part of the skilled person’s common general 5.1 Disclosure requires that a person skilled in 4. Enablement
specification, understand it to describe matter which (without any modification on the part of 4.1Even if a patent specification is found to the addressee) falls within the claim(s) of the disclose the invention, it must still meet the second requirement of Section 14 (3) of the UK Patents Act: it must permit the invention to be 5.2 Enablement requires that a person skilled in the relevant art can follow the teachings of the description (with only those alterations which “It is very possible to make a good suggest themselves in light of common general invention but to lose one's patent for knowledge, as discussed in Paragraph 4.3 failure to make an enabling disclosure. above) and so produce the disclosed invention. The requirement to include an enabling disclosure is concerned with teaching 5.3 If both of these requirements are met, the the public how the invention works, not document will be held to be sufficient (if it is a with devising the invention in the first patent specification) or it will be held to 7 Valensi v British Radio Corp [1973] R.P.C. 8 SmithKline Beecham Plc's (Paroxetine 6 University of Southampton's Applications Methanesulfonate) Patent [2006] R.P.C. 10, at PAGEVIEWPAGEVIEWPAGEVIEWPAGEVIEWPAGEVIEWPAGEVIEWPAGEVIEW For further information please contact: Thomas Zvesper HLBBshaw 10th Floor 1 Hagley Road Birmingham B16 8TG United Kingdom Tel : +44(0)121 454 4962 Fax : +44(0)121454 4523 E-mail : thomas.zvesper@hlbbshaw.com URL : www.hlbbshaw.com Peer reviewed by Alex Turnbull The information provided in this document is, of course, of a general nature and should not be considered as legal advice; if you have any specific questions, please contact us as set out above. HLBBshaw Ltd July 2007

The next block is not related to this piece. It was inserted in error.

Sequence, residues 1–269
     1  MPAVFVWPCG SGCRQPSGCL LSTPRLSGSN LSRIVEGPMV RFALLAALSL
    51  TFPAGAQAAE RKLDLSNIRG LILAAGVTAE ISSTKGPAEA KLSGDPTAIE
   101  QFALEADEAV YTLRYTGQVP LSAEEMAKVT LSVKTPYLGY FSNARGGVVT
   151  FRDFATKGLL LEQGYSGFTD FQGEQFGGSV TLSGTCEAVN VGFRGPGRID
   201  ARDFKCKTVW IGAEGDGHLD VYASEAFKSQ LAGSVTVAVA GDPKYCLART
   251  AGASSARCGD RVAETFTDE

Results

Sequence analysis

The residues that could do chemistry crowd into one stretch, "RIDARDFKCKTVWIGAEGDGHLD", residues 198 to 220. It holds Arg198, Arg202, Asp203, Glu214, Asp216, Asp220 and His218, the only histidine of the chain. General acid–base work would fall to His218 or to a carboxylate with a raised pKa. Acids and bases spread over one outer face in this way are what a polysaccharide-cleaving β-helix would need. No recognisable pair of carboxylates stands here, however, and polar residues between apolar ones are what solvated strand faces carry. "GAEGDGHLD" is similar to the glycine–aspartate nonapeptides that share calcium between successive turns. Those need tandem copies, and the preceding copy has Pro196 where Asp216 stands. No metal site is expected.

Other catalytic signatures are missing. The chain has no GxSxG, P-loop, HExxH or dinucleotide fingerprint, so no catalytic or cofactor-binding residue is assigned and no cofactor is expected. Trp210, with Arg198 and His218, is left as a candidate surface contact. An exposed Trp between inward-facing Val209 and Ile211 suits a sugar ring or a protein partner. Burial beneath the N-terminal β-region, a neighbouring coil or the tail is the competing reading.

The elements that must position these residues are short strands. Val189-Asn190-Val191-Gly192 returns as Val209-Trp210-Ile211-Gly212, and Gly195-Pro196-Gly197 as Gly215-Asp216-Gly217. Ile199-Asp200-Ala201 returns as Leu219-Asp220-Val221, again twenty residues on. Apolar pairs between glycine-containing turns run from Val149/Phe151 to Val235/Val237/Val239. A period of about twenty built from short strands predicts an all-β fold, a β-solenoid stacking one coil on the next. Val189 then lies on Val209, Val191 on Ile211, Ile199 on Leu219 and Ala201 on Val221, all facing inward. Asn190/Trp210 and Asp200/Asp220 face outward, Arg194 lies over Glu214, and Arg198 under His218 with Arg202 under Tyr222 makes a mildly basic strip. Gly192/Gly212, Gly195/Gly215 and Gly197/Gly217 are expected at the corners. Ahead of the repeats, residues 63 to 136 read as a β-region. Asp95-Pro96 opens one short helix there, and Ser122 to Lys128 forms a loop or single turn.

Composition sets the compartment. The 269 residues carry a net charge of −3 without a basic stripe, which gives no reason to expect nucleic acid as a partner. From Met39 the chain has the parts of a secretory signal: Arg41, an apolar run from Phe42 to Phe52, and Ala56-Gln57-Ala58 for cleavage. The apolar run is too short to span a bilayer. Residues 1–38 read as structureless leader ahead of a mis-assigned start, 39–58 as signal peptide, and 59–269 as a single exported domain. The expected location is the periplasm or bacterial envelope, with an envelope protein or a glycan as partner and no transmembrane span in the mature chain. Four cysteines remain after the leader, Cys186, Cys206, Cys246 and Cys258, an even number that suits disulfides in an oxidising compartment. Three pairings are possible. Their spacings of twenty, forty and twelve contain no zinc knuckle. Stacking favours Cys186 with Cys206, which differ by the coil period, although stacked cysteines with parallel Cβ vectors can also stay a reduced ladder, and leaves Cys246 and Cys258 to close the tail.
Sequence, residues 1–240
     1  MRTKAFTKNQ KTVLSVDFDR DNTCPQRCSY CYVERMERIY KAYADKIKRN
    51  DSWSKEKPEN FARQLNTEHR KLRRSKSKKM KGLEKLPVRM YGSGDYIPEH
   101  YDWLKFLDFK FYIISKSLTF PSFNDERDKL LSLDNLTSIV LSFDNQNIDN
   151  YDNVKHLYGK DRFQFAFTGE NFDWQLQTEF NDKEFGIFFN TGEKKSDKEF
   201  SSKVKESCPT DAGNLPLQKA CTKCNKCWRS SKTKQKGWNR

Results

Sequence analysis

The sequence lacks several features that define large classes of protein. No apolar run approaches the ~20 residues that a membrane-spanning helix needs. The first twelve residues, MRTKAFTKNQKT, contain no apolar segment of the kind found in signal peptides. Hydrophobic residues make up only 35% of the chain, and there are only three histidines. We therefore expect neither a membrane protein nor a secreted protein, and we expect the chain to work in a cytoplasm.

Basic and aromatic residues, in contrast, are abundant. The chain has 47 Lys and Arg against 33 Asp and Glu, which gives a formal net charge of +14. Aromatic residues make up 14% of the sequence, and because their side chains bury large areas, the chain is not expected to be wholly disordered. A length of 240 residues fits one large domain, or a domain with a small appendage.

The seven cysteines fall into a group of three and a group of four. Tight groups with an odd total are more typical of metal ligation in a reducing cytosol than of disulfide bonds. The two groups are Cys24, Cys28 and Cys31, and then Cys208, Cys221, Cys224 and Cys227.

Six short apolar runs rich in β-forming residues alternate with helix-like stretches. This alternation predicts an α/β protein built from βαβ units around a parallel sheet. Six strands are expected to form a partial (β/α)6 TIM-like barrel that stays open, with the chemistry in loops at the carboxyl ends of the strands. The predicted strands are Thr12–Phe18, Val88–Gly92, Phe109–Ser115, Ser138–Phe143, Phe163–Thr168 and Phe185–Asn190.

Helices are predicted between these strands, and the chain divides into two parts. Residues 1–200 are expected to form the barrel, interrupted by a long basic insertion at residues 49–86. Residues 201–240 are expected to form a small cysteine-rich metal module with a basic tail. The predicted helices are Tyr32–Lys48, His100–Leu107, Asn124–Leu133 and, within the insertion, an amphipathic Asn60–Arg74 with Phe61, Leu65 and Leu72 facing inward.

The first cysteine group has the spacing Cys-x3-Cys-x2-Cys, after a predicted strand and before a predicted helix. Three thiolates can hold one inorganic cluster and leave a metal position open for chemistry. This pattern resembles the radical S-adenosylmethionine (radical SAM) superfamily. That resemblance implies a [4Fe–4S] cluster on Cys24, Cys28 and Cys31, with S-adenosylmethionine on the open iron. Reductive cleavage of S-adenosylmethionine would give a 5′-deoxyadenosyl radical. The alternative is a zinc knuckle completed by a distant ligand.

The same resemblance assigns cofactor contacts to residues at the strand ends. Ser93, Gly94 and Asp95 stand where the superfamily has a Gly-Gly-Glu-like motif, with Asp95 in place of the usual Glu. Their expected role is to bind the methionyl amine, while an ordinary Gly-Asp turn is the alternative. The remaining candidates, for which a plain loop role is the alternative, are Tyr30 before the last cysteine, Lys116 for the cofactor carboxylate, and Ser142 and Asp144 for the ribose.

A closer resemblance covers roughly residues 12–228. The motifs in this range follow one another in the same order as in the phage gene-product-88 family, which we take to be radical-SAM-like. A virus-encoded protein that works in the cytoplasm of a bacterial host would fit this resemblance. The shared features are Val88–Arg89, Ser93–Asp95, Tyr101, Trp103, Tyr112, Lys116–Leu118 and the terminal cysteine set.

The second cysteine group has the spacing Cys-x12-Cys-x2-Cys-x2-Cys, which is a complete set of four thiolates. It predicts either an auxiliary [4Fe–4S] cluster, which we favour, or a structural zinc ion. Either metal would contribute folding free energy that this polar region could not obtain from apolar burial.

Source: http://hlbbshaw.co.uk/assets/pdf/pageview_20070731101127.pdf